Reproduction (Asexual and Sexual) :Definition, types & Example

Reproduction (Asexual and Sexual) :Definition, types

What is the significance of reproduction in living organisms? Give an account of various types of asexual reproduction? Describe different types of sexual reproduction?

In this article we will discuss about the Reproduction (asexual & sexual) :-(1) Definition, (2) types of reproduction, (3) Binary fission, (4) Multiple fission, (5) Budding, (6) Sexual reproduction, (7) Syngamy, (8) Conjugation, (9) Automixis, (10) Parthenogenesis. 


  Reproduction


Reproduction is one of the fundamental characteristic of living organisms. It is the ability of an organism to produce new individuals. It enables an organism to preserve its own kind. An organism continues to exist only by means of reproduction. Reproduction involves the transmission of genetic material from the parents to the progeny. As old organisms are replaced by young ones, reproduction ensures continuity of the species, generation after generation. Thus, reproduction is indispensable for the preservation of the species.

There are a number of different reproductive strategies available in nature. Different animals. reproduce by different methods for the continuity of their race. In general, the less specialized an organism is, the simpler is its method of reproduction. In higher multicellular organisms, the process has become more complicated. So the process of reproduction is in relation with the grade of structural organization and the environment in which the animal lives. There is a tendency of increased efficiency of reproductive processes from lower to higher animals.

Types:

There are two basic types of reproduction observed among animals: Asexual and Sexual.

Asexual Reproduction:

Asexual reproduction is a primitive form of reproduction of new individuals or offsprings from a single parent. The offsprings are identical to each other and often referred to as clone. Therefore, asexual reproduction can be described as a method of copying. Genetic variation is absent in asexual reproduction except in random mutation in certain individuals. Asexual reproduction is a characteristic feature of lower organisms. The sex-cells or gametes are not involved in this process. The whole body behaves as a reproductive unit as seen in case of Amoeba.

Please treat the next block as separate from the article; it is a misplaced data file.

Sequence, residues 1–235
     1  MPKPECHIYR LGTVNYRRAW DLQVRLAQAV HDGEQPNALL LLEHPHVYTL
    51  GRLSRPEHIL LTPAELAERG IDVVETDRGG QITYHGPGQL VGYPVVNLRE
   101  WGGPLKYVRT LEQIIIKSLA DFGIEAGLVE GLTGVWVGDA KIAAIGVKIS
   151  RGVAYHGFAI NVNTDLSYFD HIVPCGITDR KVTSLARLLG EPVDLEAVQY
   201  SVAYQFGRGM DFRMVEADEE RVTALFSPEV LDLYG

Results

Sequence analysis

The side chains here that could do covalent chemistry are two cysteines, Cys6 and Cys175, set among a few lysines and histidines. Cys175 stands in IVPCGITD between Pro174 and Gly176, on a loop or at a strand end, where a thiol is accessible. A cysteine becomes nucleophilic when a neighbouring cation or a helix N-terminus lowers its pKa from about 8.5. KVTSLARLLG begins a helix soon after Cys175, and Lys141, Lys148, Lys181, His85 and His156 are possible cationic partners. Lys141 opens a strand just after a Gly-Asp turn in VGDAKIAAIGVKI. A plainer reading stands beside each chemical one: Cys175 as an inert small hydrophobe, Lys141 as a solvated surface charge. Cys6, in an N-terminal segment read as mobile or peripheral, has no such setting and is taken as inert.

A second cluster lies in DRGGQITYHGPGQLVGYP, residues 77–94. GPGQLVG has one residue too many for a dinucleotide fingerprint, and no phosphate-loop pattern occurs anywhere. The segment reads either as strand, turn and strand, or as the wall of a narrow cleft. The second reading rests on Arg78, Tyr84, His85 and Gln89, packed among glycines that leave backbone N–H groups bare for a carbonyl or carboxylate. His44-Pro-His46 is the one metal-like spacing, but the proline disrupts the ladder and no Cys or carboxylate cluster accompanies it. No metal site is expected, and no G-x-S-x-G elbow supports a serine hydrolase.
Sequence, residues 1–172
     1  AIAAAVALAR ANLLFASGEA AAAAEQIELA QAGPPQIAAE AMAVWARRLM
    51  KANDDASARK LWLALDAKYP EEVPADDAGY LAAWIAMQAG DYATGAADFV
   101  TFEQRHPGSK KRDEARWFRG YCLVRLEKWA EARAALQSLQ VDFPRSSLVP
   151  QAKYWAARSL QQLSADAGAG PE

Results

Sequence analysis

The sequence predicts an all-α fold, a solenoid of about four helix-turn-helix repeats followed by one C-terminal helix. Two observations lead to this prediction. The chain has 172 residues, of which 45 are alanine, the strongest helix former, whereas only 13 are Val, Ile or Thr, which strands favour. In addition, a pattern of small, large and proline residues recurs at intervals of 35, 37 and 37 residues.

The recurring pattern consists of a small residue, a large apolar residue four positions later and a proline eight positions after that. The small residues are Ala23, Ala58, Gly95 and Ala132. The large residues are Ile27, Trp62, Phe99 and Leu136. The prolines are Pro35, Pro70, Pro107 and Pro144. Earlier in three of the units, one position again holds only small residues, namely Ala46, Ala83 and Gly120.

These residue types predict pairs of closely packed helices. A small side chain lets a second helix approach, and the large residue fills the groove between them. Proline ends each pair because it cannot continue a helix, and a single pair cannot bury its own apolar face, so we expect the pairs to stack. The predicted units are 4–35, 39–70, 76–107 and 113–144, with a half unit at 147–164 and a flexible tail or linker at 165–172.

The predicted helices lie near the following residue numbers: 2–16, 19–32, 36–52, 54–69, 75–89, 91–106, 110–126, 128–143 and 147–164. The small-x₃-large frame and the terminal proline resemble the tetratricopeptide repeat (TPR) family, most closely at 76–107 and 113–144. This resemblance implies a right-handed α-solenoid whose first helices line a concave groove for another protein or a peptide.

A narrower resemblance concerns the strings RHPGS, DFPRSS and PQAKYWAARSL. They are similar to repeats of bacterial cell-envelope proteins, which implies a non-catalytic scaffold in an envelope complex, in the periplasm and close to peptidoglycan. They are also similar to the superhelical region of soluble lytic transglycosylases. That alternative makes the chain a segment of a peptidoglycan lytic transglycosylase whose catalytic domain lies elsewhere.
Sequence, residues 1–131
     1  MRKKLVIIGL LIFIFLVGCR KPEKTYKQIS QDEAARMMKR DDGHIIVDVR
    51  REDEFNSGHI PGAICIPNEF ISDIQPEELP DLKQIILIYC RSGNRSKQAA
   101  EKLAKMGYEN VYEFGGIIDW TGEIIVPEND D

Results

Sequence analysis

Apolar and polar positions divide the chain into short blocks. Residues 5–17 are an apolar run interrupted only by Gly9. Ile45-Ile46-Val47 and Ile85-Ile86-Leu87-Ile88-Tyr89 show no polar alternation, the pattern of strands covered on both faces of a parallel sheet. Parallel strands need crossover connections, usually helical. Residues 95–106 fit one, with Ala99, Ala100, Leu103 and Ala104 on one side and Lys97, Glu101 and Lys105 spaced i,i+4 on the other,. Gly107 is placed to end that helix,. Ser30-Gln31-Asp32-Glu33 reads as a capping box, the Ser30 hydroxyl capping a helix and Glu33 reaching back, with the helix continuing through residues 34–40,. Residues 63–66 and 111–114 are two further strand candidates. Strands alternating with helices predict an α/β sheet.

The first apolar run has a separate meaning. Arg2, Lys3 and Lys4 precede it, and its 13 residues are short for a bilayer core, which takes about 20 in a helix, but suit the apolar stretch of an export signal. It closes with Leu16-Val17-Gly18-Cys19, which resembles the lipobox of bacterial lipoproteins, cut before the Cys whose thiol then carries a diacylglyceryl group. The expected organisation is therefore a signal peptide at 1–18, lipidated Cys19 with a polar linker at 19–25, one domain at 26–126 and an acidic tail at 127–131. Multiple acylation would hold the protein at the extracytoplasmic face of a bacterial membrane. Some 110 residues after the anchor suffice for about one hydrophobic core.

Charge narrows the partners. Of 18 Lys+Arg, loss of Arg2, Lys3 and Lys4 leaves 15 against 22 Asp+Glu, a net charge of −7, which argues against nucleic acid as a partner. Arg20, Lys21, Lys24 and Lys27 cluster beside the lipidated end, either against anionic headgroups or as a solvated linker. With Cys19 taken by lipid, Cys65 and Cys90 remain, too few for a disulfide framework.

The common methods of asexual reproduction are:-

  • Binary fission
  • Multiple fission
  • Budding

Binary fission:

Most of the unicellular organisms multiply by fission. It is the division of the parent cell in to two or more identical daughter cells. Binary fission is common in bacteria and some protozoans like Parmaecium, Amoeba etc. Amoeba is an eukaryotic, unicellular organism. Binary fission is a simple and common method of reproduction in Amoeba. It results in the division of the parent body into two daughter cells which are identical to each other and to the parent cell. Binary fission occurs during favourable temperature (about 25° C) and abundance of food. The animal feeds and continues to grow till it attains maximum limit of its size. The body assumes a spherical shape by withdrawing all its pseudopodia. The animal stops feeding. Replication of DNA precedes binary fission. The nucleus becomes elongated and the nucleolus disintegrates. The process of binary fission is a mitotic event; division of the nucleus preceeds division of the cytoplasm. The nuclear division includes the following four stages.

Prophase:

In the beginning of prophase, the nuclear membrane disappears. The chromatin reticulum condenses into 500-600 chromidia or duplicated chromosomes. A nuclear spindle develops from the nuclear sap.

Metaphase:

In metaphase, the free chromosomes migrate towards the equatorial region of the nuclear spindle. Each duplicated chromosome splits up into two chromatids.

Anaphase: